Are petechiae a rash?

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Skin without any feeling of discomfort or uneasiness is already considered a good skin by most people although certain people might want to have better skin by using skincare and meeting dermatologist or aesthetician. A reddish and bumpy skin might signify a skin disorder. Sometimes a skin disorder can signify other health problems apart from the skin itself. Hence, knowing the sign of a skin problem can help you to decide whether it needs medical care or not. In this DoctorOnCall article, we will know more about a sign of skin disorder called petechiae.

Petechiae might seem like a rash at first sight but truthfully is not. Petechiae actually is part of purpura. Purpura is defined as the discolouration of the skin or mucous membrane caused by haemorrhage or bleeding from small blood vessels known as capillaries. Petechiae is a small purpura with the diameter size up to 2 mm and has a flat surface. It is often described as pinpoint non-blanching spots because you would not see any changes of the petechiae colour if you press it to apply brief pressure. Petechiae colour initially starts with a red colour in accordance to the colour of bleeding. Over weeks, this blood usually breaks down and changes colour becoming purple, orange, brown, blue or green due to the oxidation process. The reasoning behind why a petechiae is not a rash is a rash is mediated by an inflammatory process triggered by the body immune and when you press against a rash, it will change to whitish colour.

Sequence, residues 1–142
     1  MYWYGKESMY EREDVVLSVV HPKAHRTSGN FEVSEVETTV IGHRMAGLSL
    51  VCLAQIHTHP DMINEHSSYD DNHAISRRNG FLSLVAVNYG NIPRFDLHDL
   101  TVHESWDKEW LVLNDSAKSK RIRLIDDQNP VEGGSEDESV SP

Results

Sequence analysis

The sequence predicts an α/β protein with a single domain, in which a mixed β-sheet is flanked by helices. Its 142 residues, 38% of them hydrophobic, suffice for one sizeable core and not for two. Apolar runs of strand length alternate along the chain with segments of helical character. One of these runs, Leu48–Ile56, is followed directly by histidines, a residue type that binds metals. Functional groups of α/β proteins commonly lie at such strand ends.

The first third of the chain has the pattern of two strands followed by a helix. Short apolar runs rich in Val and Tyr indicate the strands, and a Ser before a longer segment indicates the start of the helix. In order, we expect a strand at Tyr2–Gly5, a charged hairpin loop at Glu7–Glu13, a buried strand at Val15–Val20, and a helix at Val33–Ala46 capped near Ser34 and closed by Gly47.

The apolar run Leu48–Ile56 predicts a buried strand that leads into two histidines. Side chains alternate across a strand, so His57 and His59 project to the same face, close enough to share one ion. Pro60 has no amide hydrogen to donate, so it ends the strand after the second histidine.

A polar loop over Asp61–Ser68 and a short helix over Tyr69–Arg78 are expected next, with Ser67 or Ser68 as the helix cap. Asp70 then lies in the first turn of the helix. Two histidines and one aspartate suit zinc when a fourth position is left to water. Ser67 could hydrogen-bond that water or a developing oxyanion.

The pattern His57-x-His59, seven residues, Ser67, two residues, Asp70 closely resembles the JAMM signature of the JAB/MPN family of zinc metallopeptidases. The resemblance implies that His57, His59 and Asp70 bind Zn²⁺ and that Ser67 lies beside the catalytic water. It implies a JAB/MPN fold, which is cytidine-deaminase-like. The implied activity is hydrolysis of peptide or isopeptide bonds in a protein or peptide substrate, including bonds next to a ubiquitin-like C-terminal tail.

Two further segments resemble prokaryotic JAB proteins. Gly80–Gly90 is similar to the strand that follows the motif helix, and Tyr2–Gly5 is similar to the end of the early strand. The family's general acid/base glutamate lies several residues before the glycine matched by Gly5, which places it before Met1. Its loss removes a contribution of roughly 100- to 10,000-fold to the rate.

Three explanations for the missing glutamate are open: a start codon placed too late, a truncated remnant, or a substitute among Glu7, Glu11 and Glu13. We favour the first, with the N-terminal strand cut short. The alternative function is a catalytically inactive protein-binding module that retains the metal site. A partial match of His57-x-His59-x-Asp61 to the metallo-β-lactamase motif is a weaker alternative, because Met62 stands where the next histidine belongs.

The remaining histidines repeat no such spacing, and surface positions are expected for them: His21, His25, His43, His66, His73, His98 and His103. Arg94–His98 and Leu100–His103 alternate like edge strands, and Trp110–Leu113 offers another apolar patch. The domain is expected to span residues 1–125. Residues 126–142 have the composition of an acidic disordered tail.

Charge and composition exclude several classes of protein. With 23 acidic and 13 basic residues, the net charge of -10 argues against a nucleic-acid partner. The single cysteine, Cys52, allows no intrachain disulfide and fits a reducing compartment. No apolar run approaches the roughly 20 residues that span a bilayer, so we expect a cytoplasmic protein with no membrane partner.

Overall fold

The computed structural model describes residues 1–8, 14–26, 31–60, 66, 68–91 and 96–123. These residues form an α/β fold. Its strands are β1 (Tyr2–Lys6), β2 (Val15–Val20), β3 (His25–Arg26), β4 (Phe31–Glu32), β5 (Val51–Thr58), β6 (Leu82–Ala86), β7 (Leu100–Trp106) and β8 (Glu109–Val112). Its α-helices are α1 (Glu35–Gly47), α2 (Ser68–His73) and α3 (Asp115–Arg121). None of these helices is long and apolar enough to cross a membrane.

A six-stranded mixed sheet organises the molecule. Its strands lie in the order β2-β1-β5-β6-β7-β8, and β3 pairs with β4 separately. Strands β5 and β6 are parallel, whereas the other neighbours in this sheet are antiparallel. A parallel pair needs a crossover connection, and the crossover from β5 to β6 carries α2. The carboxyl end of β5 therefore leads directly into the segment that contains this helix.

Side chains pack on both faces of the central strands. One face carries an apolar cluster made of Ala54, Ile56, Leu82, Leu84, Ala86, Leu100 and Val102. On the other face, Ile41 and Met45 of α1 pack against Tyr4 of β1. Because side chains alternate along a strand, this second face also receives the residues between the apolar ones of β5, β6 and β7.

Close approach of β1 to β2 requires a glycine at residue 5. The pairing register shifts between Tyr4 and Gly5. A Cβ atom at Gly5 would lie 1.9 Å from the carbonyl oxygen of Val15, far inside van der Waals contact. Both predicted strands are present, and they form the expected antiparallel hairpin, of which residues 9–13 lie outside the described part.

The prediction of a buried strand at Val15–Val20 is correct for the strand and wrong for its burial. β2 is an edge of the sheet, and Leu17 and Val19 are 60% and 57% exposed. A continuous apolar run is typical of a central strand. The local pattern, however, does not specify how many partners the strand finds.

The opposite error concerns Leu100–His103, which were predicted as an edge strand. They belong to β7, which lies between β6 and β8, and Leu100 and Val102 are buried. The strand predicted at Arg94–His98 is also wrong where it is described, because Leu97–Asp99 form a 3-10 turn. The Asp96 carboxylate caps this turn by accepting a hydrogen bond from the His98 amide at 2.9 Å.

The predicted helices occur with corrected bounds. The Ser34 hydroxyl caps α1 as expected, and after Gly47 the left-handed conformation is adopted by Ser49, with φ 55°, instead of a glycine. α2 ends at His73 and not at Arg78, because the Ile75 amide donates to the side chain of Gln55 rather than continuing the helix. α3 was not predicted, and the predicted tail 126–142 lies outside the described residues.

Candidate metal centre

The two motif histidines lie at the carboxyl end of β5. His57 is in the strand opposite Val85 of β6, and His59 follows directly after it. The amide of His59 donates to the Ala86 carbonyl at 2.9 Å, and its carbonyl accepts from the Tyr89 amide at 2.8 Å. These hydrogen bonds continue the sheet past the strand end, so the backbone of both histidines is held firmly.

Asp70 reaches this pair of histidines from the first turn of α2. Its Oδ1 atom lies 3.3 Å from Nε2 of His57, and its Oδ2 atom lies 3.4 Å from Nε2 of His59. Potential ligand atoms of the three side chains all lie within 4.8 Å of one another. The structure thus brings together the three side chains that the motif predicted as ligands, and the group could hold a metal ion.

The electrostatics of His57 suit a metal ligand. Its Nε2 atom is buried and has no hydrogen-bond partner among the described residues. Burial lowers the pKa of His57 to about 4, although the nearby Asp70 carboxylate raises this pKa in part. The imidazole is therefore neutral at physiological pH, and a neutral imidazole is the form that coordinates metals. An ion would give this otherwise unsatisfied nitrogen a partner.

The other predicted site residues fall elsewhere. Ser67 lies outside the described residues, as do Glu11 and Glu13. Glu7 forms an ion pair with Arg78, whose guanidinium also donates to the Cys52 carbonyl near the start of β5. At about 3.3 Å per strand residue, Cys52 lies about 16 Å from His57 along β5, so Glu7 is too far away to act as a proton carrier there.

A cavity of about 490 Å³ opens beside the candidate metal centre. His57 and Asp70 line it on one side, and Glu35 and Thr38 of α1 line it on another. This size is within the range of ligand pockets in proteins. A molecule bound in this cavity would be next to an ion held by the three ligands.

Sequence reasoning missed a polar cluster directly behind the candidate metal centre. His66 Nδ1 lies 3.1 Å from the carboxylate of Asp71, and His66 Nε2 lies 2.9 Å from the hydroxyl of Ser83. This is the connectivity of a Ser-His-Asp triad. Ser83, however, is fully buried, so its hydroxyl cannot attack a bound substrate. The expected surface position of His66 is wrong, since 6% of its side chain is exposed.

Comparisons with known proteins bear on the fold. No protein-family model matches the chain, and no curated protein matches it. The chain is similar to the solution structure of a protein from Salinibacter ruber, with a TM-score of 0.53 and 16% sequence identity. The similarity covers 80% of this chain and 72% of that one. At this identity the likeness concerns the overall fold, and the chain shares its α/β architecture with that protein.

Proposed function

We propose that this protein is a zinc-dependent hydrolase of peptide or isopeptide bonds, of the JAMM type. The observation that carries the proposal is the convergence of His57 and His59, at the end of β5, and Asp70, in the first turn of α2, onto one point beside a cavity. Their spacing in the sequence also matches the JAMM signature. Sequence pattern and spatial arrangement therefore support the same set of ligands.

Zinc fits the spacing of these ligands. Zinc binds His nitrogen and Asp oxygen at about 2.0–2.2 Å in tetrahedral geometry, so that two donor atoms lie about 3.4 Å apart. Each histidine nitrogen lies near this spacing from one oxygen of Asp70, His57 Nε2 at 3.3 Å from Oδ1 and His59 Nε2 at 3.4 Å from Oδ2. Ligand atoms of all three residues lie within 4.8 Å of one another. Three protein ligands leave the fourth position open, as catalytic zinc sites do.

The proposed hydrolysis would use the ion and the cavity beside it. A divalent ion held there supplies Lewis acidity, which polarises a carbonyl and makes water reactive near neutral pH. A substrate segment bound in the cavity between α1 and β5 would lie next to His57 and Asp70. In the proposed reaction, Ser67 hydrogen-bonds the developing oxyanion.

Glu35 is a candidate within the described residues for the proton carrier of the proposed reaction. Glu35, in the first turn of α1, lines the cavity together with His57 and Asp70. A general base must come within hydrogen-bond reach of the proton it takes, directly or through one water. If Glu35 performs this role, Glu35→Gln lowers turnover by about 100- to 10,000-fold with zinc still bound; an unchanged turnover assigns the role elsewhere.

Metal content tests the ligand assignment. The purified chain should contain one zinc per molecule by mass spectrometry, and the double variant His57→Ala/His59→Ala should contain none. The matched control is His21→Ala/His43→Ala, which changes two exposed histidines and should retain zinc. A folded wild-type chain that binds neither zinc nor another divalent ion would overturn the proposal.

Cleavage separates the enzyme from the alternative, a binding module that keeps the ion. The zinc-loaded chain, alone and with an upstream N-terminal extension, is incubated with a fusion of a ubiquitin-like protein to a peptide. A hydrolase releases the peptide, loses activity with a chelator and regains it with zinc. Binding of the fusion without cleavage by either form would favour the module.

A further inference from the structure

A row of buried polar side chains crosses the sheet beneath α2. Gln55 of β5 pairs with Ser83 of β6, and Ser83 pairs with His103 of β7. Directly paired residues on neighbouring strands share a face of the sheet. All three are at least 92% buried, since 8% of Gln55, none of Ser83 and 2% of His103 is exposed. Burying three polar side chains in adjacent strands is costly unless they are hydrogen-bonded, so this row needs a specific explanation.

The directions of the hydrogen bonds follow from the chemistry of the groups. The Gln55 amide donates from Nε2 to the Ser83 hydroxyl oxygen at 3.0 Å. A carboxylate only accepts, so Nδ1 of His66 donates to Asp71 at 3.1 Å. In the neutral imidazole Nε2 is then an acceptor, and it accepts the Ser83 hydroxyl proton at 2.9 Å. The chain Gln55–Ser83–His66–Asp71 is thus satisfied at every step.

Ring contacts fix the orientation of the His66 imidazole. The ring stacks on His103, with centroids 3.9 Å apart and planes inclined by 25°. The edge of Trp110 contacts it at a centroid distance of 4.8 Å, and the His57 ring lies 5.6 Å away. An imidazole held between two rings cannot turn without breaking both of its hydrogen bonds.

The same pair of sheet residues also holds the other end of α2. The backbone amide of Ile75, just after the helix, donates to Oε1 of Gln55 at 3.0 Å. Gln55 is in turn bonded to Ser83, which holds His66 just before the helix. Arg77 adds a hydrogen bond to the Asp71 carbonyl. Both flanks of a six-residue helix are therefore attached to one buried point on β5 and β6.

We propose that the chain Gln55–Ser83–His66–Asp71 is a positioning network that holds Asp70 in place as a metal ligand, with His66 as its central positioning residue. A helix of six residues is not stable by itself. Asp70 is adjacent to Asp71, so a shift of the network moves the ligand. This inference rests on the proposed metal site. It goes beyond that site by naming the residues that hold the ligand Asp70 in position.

Petechiae in most cases are caused by a harmless condition but in some cases, it could signify an underlying health issue that may require an urgent visit to the doctor. Most of the time it affects older adults and young children but that does not eliminate the probability of other age groups to have it. Petechiae often resolves on its own after a few days of its initial presentation. Although, in severe cases or caused by other diseases, this petechiae may spread all over the body and stay on for a long time.

Since petechiae can be caused by several health conditions that could progress into severe problems, it becomes a visible sign for healthcare practitioners to easily suspect a certain ailment when combined with other information gained from the patient through the patient’s medical history and physical examination. Laboratory test, imaging test and other supporting test will be requested by doctor to help ensure the suspected ailment is the right medical diagnosis. Petechiae in children might raise suspicion of meningitis (inflammation to the membrane covering brain and spinal cord) caused by infection of Neisseria meningitidis. Other pathogens inducing petechiae in children are influenza, cytomegalovirus (CMV), Epstein-Barr virus (EBV) and Streptococcus species. In old people, petechiae may be seen due to ageing skin or sun exposure caused by deficient support of the blood vessels. In the general population, petechiae can be a sign of an ongoing dengue disease and yellow fever. Blood disorders such as in leukaemia, intravascular coagulopathy (DIC) and immune thrombocytopenic purpura (ITP) can be presented with petechiae. Inflammation of blood vessels like vasculitis and chronic liver disease also is associated with petechiae. Heparin use may precipitate petechiae as a result of low thrombocyte cells functioning in the blood clot.

Treatments of petechiae are dependent on the vast medical conditions or underlying diseases. Even though most times petechiae is caused by certain health disorders, as mentioned, it can be a harmless condition and need not be a serious concern. This is especially true if it is caused by relentless coughing or prolonged straining during a bowel movement. It can also be due to injuries, sunburns and certain medicine side effects of antibiotics.

References:

https://www.ncbi.nlm.nih.gov/books/NBK482331/

https://dermnetnz.org/topics/purpura

 

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